With your calls and encouragement, some of our lawmakers signed letters calling for an extension of TPS for Salvadorans and Hondurans. Now, Congress needs to pass legislation to protect them.

Restricting Access for Refugees. This fall, the Trump Administration terminated the Central American Minors (CAM) program, the only program that allowed Central American families and children to apply for protections without having to leave their home countries. Now, children in dangerous situations can no longer temporarily reunite with their family members already in the United States, ending any hope to receive international protection without having to leave their homes and driving them into the arms of smugglers.

Refugee admissions are also being restricted from around the world to the lowest numbers seen in our recent history. The proposal for next year limits the number of refugees accepted from Latin America to just 1,500 individuals.

False Narratives. Attorney General Jeff Sessions has repeatedly called unaccompanied children from Central America “wolves in sheep’s clothing” who are taking advantage of the asylum system. We know better. Children and families from Central America and Mexico aren’t perpetrators, they’re fleeing from them. They didn’t come here because of DACA—a program only applicable to youths who have continuously resided in the United States since 2007. Many came here because of violence in their homelands. And many that make the difficult trek to our border, presenting claims of persecution and of fear to return home, are turned away by abusive Border Patrol agents or rejected because of biased immigration judges.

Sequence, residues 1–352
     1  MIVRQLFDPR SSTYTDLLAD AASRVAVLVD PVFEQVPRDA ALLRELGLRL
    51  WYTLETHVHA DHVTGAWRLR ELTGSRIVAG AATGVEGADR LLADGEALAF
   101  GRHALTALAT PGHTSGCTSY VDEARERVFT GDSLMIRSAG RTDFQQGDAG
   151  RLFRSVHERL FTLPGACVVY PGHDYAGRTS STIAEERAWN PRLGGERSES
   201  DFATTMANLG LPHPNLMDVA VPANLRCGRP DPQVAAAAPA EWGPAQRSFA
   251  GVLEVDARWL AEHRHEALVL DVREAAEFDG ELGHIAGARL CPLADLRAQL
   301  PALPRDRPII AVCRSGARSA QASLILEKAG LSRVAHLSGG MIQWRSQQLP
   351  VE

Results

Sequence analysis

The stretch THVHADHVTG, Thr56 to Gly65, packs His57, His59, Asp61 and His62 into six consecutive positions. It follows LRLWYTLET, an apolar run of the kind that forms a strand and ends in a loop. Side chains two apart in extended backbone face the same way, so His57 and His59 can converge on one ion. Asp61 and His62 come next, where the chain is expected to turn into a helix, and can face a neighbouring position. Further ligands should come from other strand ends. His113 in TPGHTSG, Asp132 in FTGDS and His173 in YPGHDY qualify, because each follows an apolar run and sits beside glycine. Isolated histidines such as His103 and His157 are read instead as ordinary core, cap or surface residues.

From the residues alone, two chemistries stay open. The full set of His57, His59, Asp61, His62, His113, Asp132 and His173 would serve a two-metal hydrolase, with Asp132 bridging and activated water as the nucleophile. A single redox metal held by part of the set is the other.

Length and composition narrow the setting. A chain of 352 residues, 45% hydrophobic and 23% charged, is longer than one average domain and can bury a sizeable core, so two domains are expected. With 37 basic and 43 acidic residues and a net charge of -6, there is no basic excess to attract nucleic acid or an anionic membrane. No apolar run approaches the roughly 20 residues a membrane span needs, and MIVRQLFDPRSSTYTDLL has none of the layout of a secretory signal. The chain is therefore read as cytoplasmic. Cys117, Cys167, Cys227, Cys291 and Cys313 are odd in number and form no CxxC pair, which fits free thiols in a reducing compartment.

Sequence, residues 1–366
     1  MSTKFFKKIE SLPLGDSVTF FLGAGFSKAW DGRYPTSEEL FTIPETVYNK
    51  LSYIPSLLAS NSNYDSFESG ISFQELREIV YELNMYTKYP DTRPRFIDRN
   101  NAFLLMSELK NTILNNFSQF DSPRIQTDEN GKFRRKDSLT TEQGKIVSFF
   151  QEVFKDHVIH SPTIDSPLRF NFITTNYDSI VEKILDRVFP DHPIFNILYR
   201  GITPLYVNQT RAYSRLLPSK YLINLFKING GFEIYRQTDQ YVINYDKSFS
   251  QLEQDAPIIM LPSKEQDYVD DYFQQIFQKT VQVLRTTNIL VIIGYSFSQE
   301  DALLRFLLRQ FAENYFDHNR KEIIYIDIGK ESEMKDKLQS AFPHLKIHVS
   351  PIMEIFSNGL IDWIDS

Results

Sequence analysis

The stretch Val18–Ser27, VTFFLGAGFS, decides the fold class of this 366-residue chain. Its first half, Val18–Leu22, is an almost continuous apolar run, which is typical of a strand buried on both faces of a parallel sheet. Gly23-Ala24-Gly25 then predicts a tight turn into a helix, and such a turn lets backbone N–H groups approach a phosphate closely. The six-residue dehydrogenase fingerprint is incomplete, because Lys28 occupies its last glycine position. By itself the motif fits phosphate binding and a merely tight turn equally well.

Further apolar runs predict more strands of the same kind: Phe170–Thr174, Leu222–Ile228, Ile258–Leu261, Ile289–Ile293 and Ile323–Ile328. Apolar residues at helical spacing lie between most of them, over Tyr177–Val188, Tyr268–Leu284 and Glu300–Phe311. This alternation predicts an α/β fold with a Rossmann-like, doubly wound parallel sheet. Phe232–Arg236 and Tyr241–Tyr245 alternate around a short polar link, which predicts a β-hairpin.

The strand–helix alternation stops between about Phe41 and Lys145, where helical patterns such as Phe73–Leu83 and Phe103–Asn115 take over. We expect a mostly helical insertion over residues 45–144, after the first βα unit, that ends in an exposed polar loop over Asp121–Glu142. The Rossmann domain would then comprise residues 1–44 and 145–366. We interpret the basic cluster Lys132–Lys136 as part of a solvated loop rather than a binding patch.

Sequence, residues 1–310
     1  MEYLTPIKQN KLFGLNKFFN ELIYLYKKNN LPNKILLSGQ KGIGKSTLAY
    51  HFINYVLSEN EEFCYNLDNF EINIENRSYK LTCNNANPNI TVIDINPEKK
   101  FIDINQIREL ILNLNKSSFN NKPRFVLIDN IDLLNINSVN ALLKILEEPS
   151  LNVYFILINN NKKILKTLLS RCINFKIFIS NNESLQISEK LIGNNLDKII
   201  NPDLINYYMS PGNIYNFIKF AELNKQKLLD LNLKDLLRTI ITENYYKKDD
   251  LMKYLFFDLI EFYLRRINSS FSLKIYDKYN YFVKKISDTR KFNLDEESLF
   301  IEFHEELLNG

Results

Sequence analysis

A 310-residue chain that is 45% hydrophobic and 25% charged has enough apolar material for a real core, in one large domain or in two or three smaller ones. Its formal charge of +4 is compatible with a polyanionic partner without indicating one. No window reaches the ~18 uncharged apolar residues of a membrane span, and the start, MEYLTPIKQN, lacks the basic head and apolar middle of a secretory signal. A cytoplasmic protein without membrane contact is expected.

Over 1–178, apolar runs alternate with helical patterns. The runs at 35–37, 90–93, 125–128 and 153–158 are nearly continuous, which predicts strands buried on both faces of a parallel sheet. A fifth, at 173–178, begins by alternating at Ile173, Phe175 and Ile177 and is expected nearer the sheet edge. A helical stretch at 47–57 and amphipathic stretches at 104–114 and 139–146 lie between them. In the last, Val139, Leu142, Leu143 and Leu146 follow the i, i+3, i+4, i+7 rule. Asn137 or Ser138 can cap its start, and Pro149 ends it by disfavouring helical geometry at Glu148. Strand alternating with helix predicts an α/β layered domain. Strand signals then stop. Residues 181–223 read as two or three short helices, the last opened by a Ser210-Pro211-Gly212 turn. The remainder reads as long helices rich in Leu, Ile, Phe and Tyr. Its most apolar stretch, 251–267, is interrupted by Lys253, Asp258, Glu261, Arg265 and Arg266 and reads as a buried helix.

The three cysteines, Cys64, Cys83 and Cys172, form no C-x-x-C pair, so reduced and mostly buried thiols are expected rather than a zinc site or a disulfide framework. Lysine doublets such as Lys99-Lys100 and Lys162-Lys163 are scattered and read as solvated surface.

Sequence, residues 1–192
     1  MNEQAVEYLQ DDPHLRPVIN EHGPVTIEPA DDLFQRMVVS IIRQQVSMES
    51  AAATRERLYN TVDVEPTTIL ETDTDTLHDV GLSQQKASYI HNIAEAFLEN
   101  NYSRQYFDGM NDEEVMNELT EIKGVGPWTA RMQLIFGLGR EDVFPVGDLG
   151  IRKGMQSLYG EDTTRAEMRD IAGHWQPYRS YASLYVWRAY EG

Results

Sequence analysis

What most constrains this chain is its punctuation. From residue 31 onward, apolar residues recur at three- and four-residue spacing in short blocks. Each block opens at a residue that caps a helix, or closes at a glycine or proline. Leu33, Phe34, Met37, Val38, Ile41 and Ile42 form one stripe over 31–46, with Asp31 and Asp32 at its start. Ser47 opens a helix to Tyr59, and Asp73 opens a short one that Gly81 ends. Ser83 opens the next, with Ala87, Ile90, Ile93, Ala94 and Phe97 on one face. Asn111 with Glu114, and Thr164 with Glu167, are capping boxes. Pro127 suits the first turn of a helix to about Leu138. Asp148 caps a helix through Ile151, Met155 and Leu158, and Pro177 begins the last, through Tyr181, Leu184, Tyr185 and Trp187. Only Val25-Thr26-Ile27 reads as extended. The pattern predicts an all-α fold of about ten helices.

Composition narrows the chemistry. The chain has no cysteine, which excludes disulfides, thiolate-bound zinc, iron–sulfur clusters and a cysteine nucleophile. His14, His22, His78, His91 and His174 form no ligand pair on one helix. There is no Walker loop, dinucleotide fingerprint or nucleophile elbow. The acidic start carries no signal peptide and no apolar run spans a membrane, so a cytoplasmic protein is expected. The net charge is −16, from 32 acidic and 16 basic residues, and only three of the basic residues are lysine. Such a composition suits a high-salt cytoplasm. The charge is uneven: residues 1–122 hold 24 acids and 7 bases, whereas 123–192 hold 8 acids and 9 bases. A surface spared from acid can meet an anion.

intersWRDrally
LAWG interns Ellie and Caroline at a rally for
immigrant and refugee rights outside of the
White House. Photo by Lily Folkerts.

So, what does this mean? And as all these heartless decisions are made, consideration of the impact that ending these programs could have on the security and economies of the region has received little thought. Deporting over a million individuals would not only break up mixed status families in the United States, but would also have a destabilizing impact on the region—undermining an already dire public security situation, cutting off remittances to weak economies, and potentially setting off another wave of displacement and migration to the United States.

And, what can we do? Yes, the list is long. And we haven’t even seen the impacts of these policies down the line. We know this isn’t a short-term fight, and we’re in it for the long haul. In the meantime, here’s a few ways you can take action and join us in pushing back:

Call your member of Congress. Better yet, gather a group and meet with your member in the district office or attend a town hall. Urge them to: